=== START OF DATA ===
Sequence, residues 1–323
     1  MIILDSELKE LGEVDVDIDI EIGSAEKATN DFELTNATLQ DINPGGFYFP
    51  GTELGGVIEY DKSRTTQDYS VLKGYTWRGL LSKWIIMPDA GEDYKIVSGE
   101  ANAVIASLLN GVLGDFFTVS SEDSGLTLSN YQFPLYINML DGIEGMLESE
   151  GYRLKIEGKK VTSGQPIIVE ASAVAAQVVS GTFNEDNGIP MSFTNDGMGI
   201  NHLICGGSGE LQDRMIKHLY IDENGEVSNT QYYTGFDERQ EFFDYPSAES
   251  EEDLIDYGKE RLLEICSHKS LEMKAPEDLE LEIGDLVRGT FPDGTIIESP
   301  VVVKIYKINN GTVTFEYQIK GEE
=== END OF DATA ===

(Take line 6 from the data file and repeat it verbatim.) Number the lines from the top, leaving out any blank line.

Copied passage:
   201  NHLICGGSGE LQDRMIKHLY IDENGEVSNT QYYTGFDERQ EFFDYPSAES